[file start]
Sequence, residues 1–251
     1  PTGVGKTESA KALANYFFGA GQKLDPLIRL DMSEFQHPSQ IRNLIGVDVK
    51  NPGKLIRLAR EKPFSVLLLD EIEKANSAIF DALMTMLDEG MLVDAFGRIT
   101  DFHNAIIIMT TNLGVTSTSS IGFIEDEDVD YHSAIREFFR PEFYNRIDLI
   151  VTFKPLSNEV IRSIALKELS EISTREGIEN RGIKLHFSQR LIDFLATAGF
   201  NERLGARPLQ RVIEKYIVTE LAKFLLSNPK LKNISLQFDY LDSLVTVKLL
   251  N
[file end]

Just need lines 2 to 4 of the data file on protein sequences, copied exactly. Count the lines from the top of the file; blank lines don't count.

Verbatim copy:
     1  PTGVGKTESA KALANYFFGA GQKLDPLIRL DMSEFQHPSQ IRNLIGVDVK
    51  NPGKLIRLAR EKPFSVLLLD EIEKANSAIF DALMTMLDEG MLVDAFGRIT
   101  DFHNAIIIMT TNLGVTSTSS IGFIEDEDVD YHSAIREFFR PEFYNRIDLI